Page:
HAUPPAUGE, N.Y. – A new law passed by the Suffolk County Legislature will guarantee rest periods for utility safety employees. IR 1742-19 was introduced by Deputy Presiding Officer Rob Calarco and was passed with unanimous approval at the December 17th General Meeting. Utility safety workers are responsible for locating and marking utility mains during construction. Under current rules, utility safety workers are expected to work a regular shift and respond to emergency situations. Workers who work an emergency shift are still required to attend their next regularly schedule shift. This sometimes leads to workers being expected to work long shifts, including overtime, on as little as two hours of rest.
The new rules will require that utility safety workers receive at least eight consecutive hours of rest after working an emergency shift. It also prohibits employers from punishing employees if that eight hour rest period interferes with their next regularly scheduled shift. The legislation identifies sleep deprivation as a cause of disorientation and illness that can lead to workers missing critically important locations while marking. Missed locations can lead to dangerous situations for workers and the public. It can also delay projects and increase costs when additional repairs must be made.
“Utility safety workers serve a critical role in maintaining a safe environment during construction and utility work,” said Deputy Presiding Officer Calarco. “An overly tired worker can easily miss a critical underground utility main with catastrophic results. This is a common sense way to make sure that we are protecting the health, safety, and wellness of workers who are doing really important work, sometimes in dangerous and very difficult conditions”
Michael Gendron, Executive Vice President of the Communications Workers of America Local 1108, brought the issue to the attention of Calarco and was a vocal advocate for the measure.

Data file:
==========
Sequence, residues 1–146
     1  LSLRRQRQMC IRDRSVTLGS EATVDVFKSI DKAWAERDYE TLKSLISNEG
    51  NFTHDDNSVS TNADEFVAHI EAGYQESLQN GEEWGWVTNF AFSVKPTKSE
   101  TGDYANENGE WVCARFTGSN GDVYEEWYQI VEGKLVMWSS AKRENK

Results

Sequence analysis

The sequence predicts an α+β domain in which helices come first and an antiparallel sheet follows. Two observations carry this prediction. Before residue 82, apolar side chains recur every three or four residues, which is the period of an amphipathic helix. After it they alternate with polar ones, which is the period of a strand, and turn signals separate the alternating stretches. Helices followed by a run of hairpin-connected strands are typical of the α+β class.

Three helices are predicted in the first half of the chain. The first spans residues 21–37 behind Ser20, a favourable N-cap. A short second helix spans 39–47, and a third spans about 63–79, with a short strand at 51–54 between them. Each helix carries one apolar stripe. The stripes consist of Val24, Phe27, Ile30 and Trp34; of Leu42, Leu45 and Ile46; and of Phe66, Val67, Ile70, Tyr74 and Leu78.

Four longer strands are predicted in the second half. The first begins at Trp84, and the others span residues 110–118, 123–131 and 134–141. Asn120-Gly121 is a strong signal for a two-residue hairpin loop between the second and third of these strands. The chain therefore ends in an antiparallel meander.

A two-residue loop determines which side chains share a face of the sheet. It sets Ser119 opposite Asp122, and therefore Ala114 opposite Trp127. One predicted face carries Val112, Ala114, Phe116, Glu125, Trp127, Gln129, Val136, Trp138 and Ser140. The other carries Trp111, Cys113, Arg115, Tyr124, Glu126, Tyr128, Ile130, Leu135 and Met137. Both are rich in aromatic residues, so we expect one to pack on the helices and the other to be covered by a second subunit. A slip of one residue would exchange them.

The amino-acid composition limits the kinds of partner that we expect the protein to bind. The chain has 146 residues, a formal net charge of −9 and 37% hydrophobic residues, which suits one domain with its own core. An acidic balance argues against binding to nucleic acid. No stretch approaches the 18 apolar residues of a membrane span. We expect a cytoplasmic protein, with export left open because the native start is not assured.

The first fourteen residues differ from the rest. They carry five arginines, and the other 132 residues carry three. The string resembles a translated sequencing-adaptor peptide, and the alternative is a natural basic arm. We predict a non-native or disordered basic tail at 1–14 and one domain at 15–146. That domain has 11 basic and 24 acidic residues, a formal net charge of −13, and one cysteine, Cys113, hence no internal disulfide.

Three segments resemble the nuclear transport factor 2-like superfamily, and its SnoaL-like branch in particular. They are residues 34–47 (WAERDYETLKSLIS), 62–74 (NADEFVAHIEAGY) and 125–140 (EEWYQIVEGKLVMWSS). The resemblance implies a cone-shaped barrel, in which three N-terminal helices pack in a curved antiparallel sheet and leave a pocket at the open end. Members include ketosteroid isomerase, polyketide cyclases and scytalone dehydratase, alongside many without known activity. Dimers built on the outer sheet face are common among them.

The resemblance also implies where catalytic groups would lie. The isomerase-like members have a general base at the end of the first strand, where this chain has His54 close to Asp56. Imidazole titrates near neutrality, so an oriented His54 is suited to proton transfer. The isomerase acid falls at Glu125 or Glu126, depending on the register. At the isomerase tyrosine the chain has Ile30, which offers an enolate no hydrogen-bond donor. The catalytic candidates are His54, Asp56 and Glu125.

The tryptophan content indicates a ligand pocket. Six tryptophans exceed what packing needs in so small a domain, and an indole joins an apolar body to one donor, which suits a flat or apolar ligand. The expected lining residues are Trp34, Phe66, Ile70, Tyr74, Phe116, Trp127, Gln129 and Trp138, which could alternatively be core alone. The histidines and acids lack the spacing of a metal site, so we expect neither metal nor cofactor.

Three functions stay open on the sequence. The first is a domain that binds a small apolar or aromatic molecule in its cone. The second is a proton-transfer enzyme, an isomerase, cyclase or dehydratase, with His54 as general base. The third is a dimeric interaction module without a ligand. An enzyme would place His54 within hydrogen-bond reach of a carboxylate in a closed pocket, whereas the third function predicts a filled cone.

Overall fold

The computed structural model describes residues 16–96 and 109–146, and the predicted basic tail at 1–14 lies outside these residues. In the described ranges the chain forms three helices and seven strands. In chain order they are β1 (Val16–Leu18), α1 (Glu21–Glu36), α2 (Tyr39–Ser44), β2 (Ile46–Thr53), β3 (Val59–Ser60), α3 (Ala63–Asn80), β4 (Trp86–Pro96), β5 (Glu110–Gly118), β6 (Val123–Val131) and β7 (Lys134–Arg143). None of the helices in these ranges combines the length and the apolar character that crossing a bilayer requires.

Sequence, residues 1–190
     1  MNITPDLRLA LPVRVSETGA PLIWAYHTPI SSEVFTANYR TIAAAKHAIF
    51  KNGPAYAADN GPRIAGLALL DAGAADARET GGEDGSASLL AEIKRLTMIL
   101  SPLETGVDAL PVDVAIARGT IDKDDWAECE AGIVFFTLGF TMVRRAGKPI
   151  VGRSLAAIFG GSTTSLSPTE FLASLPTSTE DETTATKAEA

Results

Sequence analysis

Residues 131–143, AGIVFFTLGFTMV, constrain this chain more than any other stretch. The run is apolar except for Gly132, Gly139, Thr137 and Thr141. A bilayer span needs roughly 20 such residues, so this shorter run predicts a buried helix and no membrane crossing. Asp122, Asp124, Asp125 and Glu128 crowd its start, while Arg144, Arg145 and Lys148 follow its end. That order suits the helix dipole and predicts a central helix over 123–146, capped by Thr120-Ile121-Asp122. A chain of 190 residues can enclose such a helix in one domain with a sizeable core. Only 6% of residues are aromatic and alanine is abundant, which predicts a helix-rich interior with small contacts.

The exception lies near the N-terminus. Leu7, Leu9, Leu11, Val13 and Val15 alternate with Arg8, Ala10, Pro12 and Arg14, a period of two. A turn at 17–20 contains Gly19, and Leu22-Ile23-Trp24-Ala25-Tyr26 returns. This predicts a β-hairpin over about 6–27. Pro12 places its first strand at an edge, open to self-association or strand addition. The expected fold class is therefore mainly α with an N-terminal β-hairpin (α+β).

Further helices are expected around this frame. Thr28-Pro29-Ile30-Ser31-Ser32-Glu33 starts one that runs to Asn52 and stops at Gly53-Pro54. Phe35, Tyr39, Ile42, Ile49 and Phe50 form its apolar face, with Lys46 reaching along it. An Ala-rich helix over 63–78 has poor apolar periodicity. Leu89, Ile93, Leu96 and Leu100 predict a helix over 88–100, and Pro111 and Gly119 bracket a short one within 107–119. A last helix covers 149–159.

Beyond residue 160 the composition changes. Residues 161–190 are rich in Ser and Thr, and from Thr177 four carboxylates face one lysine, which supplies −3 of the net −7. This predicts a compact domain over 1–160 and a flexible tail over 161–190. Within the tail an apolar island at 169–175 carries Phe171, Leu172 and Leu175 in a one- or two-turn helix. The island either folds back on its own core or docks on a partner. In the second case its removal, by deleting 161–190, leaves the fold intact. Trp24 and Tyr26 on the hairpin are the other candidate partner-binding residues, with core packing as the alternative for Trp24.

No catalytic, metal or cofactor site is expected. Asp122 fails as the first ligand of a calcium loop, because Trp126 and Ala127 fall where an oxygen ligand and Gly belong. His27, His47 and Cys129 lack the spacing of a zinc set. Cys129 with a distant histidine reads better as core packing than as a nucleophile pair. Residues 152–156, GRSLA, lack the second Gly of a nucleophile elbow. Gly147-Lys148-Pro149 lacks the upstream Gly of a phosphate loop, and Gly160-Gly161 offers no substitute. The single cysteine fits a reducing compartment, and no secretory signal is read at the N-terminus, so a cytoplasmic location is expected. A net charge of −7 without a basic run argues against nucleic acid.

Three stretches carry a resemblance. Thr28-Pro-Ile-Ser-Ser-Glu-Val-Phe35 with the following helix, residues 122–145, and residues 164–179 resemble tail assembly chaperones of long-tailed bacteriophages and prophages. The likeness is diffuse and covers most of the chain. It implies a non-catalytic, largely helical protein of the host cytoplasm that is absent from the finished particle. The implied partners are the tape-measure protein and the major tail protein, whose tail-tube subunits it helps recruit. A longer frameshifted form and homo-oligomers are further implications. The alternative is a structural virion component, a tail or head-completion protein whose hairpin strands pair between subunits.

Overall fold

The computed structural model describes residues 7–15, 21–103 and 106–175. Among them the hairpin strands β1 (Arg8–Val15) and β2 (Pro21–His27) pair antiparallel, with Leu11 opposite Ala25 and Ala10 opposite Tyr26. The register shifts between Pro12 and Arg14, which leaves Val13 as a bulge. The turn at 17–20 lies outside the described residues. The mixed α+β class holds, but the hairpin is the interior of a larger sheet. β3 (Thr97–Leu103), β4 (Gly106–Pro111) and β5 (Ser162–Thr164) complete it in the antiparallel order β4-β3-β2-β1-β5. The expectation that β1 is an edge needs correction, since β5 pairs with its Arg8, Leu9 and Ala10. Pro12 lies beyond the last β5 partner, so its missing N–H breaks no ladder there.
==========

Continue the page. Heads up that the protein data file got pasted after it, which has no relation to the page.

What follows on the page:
“The hard working men and women who provide utility location services do a vital job that keep our communities safe,” added Gendron. “Many times they must answer emergency on call assignments that have them working throughout the evening and early mornings. They should not have to work their next scheduled tour after working overnight because that puts them and the general public in harm's way. I.R. 1742 keeps everyone safe by mandating 8 hours rest before they have to report back to work. Legislator Calarco has once again shown he is a champion for worker's rights and safety!”
The Suffolk County Department of Labor, Licensing, and Consumer Affairs will be empowered under the new rules to investigate and enforce violations of the law. Complaints by workers can be filed up to one year after a violation. Employers who violate the law can be fined $500 for an initial violation, $750 for a second, and $1,000 for each successive violation thereafter. The rules will not apply to any worker who is covered by a collective bargaining agreement that expressly waives the rules.